Is it possible to pass a reference to an uninitialised struct?

I want to create an array of unitialised structs based on a specific trait so that I can do something progromatically.

But I cant work out how to do it or if its possible.

trait Foo {
    const NAME: &'static str;
    fn new() -> Self;
    fn name(&self) -> &'static str {

struct Bar {}

impl Foo for Bar {
    const NAME: &'static str = "Bar";

    fn new() -> Self {
        Self {}

struct Baz {}

impl Foo for Baz {
    const NAME: &'static str = "Baz";

    fn new() -> Self {
        Self {}

fn main() {
    let structs = [Bar, Baz];
    for s in structs{
        let inst = s::new();


What you are trying to achieve is possible, but you might need to structure it slightly differently.

The code you've written tries to treat a struct's name as some sort of object that can be passed around and used to construct the type dynamically, similar to the java.lang.Class in Java or the name of a class in Python.

Rust deliberately doesn't have a reflection system which knows how to construct objects at runtime, so we kinda need to implement it ourselves. This isn't as hard as it sounds.

What I would do is store a list of functions that can be used to construct these values, and make sure the function returns a value who's type is erased at runtime. Normally you can't store a Baz and a Bar in the same slice because they have different types with possibly different sizes, so it's important to add some level of indirection to "forget" the actual size/type of Bar and Baz (i.e. Box<dyn Foo>).

First, let's modify the Foo trait so it is "object safe". In order to erase the type at runtime, your trait can't have any methods which would require knowing a value's actual type, so things like associated constants/types (they're associated with your type) or methods that accept/return Self by value (the compiler would need to know the value's type in order to allocate the right amount of stack space for variables) are out.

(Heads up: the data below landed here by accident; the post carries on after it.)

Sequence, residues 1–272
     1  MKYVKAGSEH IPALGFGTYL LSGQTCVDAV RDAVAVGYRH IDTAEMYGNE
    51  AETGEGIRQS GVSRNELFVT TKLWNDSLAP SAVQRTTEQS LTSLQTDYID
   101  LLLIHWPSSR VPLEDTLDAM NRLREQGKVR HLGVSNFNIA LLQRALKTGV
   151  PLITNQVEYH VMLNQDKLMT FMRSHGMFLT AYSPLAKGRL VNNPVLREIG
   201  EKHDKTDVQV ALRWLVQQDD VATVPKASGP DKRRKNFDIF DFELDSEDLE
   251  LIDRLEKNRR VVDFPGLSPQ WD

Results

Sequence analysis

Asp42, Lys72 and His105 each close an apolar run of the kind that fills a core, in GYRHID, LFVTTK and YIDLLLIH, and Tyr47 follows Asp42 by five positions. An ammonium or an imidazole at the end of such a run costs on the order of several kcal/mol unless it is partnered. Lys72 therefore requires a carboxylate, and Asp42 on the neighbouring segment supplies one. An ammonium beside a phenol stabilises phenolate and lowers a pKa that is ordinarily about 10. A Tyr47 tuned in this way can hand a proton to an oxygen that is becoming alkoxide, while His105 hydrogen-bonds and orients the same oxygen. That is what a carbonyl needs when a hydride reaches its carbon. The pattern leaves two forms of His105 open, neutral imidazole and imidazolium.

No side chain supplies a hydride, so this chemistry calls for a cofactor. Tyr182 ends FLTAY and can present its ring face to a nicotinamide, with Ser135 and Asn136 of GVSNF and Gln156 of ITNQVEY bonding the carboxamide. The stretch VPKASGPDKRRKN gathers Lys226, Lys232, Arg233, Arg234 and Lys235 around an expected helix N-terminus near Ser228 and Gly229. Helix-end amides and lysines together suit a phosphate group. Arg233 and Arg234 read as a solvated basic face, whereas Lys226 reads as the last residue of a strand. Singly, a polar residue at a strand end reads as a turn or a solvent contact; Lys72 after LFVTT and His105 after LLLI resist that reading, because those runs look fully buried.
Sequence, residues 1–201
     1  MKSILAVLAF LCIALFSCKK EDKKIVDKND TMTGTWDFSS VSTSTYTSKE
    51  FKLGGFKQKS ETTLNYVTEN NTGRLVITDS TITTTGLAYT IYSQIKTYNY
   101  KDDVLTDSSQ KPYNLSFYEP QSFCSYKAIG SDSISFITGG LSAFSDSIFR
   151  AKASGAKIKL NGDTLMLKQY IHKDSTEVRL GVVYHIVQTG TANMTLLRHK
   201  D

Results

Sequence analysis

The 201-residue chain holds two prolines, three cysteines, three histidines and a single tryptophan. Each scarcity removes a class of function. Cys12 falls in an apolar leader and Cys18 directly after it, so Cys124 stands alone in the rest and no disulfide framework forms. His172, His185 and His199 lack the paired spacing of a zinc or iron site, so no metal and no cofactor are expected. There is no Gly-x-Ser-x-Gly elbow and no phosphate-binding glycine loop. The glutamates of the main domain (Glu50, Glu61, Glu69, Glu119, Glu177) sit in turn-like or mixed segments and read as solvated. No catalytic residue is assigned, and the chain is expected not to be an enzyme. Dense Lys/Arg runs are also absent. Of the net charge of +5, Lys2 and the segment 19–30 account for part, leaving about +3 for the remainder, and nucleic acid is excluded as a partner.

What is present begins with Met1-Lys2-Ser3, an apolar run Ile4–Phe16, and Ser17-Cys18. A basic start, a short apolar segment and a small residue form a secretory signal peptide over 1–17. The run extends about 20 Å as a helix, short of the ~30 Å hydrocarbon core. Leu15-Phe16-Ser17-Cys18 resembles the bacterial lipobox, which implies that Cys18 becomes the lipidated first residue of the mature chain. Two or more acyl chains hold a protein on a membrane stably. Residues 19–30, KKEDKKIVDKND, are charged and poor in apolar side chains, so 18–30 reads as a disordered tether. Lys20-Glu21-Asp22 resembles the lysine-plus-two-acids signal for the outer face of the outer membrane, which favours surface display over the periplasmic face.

trait Foo {
  fn name(&self) -> &'static str;

struct Bar;
impl Foo for Bar { fn name(&self) -> &'static str { "Bar" } }

struct Baz;
impl Foo for Baz { fn name(&self) -> &'static str { "Baz" } }

Next, we add our constructor functions to the structs array.

type FooConstructor = fn() -> Box<dyn Foo>;

let structs: [FooConstructor; 2] = [
    || Box::new(Bar),
    || Box::new(Baz),

And now we can iterate through the constructors, and create instances of our Foo type.

for s in structs {
    let instance: Box<dyn Foo> = s();


This way of passing around a closure to "defer" an object's construction can be particularly useful when you are making some sort of "factory" that will pick and choose which Foo implementation to construct at runtime.


This has helped me a lot thank you! I was thinking something along the lines of Box might need to be used, but I had no idea how....

I cut my teeth on Python, so that probably explains my thinking!

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